Randa Black of Florida has won FFRF’s Nothing Fails Like Prayer contest and will recite at the convention her secular invocation.  Black is a professional actor, appearing in hundreds of television commercials and episodic TV shows. 

Christopher Cameron, associate professor of history at the University of North Carolina at Charlotte, is author of the new book, Black Freethinkers: A History of African American Secularism. 

Ann Druyan is a Peabody and Emmy Award-winning writer, producer and director specializing in the communication of science. She was the creative director of NASA’s Voyager Interstellar Message Project and program director of the first solar sail deep space mission. 

Sikivu Hutchinson, Ph.D. is an educator, author, playwright and director. She is the author of Imagining Transit: Race, Gender, and Transportation Politics in Los Angeles.  Hutchinson will receive FFRF’s “Freethought Heroine” Award.

Megan Phelps-Roper, author of Unfollow: On Loving and Leaving the Westboro Baptist Church, was raised in the Topeka, Kan.-based church known for its protests. Phelps-Roper will receive the $10,000 “Henry Zumach Freedom From Religious Fundamentalism” award.

Steven Pinker is a cognitive scientist, experimental psychologist, linguist and popular science author. He is a Johnstone Family Professor in the Department of Psychology at Harvard University. His latest book is Rationality: What It Is, Why It Seems Scarce, Why It Matters.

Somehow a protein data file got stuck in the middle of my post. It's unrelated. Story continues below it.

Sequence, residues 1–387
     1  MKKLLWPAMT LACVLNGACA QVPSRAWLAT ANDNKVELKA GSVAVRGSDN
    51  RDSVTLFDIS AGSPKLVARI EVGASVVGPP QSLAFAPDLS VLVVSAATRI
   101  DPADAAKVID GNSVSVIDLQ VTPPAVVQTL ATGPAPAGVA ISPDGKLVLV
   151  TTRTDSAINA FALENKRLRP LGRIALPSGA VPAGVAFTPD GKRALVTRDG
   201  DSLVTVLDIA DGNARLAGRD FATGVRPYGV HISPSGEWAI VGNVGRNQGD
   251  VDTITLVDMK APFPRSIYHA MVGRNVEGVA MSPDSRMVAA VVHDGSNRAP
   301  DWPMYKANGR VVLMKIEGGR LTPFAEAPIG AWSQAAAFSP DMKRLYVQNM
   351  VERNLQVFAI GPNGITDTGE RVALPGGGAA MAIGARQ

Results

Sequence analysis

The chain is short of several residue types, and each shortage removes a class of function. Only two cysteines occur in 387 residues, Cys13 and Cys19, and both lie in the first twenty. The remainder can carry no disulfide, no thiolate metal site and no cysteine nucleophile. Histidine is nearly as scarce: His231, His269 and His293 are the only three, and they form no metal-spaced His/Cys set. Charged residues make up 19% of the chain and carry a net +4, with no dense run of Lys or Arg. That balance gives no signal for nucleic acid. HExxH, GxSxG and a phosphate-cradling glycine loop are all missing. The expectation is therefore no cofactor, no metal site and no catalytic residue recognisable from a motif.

Sasha Sagan is author of the new book, For Small Creatures Such as We: Rituals for Finding Meaning in Our Unlikely World. She is a graduate of NYU, and has worked as a television producer, filmmaker, writer and speaker. 

Sushant Singh is an Indian actor and presenter known for his work predominantly in Hindi cinema. He has appeared in almost 50 movies since 1998. Singh will be receiving the Avijit Roy Courage Award, which includes a crystal plaque and $5,000. 

Gloria Steinem is a writer, lecturer, political activist, and feminist organizer. Steinem, who’s been billed as “the world’s most famous feminist,” is a journalist who co-founded Ms. Magazine in 1972. Steinem will receive FFRF’s “Forward” Award. 

Katherine Stewart is the author of The Power Worshippers: Inside the Dangerous Rise of Religious Nationalism. She writes about religion, politics, policy and conflicts over the separation of church and state for The New York Times opinion section. 

David Tamayo is co-founder and president of Hispanic American Freethinkers in 2010. He was vice president of the Reason Rally 2016, former host of the TV show “Road to Reason – A Skeptic’s Guide to the 21st Century.” 

David Williamson is co-founder of the Central Florida Freethought Community (CFFC). Williamson and other winning plaintiffs in the Brevard Co. lawsuit will accept FFRF’s Freethinker of the Year Award.

Phil Zuckerman is the associate dean and professor of sociology at Pitzer College, and the founding chair of the nation’s first Secular Studies Program. He has authored several books, including What It Means to be Moral.